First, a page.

“When you leave New York, you ain’t going anywhere” —Jimmy Breslin
Though Adams is Concerned the Wealthy May Ditch the Big Apple, History Begs to Differ
New York City — "The true New Yorker," said Updike, "secretly believes that people living anywhere else have to be, in some sense, kidding."
Mayoral hopeful Eric Adams, however, didn't seem to be kidding at all. On Sunday morning, during a radio interview with John Catsimatidis, Adams said:
I don’t join the chorus that tells the 65,000 New Yorkers that are paying 51 percent of our income tax — and [are] only 2 percent of the income tax filers — I don’t join the chorus that states, ‘So what if they leave?'
“I’m just the opposite," Adams continued. "I join the chorus that tells them, ‘We need you here.' ” In other words, Adams isn't on board with the left-wing pushers for higher taxes.
Adams then added, whenever he chats with "high-income earners, they basically say they're fleeing because the city has become too dirty, too unsafe, and there’s not an appreciation for the commitment to the city.”
Wait. ... New York City too dirty and too unsafe?
Ahem, according to a recent ranking of "Safest Big Cities in America," NYC made the top 5. "The Big Apple often gets a bad rap as being one of the most dangerous cities in the United States," according to the report, "but when you look at the crime data, you can clearly see that it’s not a fair title."
Indeed, whereas in Texas the senate recently passed an incredible bill, which allows carrying a handgun without a permit, not so in New York City. No, no. In fact the gun laws are so strict, when star wide receiver Plaxico Burress — who helped win the city a Super Bowl — accidentally shot himself in the leg, he wound up with a 2-year prison sentence.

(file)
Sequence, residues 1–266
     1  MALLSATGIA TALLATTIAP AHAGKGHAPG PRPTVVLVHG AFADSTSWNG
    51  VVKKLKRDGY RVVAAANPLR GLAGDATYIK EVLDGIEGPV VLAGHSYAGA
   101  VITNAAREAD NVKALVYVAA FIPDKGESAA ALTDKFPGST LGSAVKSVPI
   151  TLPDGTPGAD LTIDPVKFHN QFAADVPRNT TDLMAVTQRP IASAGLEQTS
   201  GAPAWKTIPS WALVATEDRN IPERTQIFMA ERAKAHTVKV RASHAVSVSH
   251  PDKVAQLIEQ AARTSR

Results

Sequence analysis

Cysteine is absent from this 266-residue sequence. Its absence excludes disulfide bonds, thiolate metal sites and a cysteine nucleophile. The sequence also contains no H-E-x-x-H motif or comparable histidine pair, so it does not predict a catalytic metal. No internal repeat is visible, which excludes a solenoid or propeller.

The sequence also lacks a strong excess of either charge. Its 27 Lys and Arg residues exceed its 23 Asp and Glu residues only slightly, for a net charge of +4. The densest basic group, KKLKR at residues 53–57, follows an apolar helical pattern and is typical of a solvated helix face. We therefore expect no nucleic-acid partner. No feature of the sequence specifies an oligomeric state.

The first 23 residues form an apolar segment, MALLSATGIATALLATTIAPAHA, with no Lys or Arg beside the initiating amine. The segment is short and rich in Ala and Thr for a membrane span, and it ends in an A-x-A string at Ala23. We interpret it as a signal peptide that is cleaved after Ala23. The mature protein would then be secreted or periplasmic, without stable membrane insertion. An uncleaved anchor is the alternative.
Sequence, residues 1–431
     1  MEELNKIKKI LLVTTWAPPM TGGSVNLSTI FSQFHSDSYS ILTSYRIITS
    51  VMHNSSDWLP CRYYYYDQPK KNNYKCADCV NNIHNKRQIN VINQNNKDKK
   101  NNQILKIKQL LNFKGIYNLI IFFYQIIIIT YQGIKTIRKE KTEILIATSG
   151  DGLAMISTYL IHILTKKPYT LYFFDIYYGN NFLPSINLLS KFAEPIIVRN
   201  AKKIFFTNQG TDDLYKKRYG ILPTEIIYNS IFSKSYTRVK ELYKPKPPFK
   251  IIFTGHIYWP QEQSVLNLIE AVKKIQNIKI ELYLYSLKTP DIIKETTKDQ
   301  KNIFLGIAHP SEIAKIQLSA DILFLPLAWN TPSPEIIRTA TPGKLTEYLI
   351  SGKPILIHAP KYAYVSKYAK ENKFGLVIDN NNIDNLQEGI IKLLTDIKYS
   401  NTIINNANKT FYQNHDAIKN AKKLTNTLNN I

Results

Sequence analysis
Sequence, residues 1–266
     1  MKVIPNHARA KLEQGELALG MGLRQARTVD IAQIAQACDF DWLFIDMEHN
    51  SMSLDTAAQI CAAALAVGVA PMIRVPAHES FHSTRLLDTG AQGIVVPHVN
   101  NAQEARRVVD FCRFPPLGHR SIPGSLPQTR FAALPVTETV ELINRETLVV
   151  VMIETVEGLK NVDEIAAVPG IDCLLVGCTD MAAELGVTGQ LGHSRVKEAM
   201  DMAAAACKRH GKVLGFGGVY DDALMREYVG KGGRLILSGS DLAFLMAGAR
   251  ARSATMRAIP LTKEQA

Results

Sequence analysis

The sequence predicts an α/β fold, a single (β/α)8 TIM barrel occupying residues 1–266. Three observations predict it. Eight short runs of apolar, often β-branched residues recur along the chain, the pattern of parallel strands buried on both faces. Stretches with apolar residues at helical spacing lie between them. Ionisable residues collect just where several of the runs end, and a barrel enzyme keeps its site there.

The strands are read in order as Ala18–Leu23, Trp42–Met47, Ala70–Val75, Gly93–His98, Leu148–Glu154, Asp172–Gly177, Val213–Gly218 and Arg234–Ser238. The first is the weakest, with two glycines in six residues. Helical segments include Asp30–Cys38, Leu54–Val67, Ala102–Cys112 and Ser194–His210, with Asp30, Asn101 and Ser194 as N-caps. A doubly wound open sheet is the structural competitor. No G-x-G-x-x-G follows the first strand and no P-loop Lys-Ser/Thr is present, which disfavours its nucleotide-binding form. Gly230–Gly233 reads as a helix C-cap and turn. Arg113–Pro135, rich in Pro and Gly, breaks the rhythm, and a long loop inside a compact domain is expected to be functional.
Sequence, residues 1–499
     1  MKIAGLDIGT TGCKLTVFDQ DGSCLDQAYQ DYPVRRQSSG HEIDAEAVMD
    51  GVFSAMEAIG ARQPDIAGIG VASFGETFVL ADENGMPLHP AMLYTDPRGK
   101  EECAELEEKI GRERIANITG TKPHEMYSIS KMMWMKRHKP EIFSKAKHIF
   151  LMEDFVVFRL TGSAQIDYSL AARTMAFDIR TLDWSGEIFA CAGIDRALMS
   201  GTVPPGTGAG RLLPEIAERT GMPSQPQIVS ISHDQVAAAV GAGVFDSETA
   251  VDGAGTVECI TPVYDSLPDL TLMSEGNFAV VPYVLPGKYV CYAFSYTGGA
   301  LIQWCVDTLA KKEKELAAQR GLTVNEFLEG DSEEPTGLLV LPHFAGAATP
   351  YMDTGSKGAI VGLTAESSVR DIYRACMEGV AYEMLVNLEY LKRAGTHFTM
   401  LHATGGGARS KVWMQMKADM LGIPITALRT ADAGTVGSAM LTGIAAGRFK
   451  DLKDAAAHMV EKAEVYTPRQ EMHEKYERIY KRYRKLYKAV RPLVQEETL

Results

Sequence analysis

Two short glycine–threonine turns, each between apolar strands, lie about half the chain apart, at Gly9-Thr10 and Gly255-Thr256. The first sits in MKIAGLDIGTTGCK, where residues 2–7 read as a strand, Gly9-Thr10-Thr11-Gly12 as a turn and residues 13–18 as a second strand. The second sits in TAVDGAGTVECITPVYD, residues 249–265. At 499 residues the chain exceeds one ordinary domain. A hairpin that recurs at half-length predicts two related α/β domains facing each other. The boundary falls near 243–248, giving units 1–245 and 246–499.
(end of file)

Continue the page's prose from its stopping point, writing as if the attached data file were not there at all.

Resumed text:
Talk about deterring citizens from carrying firearms!
As for the notion wealthy New Yorkers will flee due to high taxes, not so fast. After all, as Steinbeck remarked: "Once you've lived in New York and it has become your home, no place else is good enough."
I can recall riding the 1 Train a few years ago. I glanced across the way. There sat Sarah Jessica Parker, apparently enjoying a book. And here's the thing, passengers were so busy in the New York Minute that, since it cost them nothing — they paid her no mind.
Ah, but in other cities, sure enough — Parker would've been viewed as "Carrie Bradshaw." The nosey onlookers would've then disturbed her. But not in New York.
Is the city cramped? Of course! After all, this is the most densely populated region in the country. But also, it must be remembered, according to Wikipedia:
New York City has been described as the cultural, financial, and media capital of the world, significantly influencing commerce, entertainment, research, technology, education, politics, tourism, art, fashion, and sports, and is the most photographed city in the world.
And for the above reason alone, as Tracy Morgan once asked: "Leave New York . . . and go where?"